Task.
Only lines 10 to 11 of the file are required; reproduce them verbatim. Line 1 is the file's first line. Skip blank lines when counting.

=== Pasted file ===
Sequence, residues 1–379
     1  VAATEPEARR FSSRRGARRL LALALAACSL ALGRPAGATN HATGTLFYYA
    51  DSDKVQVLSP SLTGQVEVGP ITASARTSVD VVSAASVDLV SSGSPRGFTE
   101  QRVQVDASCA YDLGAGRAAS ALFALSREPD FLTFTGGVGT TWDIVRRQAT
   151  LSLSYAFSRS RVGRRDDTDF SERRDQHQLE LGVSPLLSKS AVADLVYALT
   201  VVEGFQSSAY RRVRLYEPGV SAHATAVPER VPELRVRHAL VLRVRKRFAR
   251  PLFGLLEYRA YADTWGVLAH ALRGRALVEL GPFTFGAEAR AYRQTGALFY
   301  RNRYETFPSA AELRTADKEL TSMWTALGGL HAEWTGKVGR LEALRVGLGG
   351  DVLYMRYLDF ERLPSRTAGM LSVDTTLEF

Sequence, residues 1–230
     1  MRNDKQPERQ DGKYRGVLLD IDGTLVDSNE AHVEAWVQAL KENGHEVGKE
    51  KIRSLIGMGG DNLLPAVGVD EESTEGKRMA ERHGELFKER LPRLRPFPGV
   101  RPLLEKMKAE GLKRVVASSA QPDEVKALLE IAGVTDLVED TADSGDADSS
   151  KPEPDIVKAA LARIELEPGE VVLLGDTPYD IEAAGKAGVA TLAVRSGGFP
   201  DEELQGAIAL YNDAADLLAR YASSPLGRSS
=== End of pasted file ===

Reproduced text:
Sequence, residues 1–230
     1  MRNDKQPERQ DGKYRGVLLD IDGTLVDSNE AHVEAWVQAL KENGHEVGKE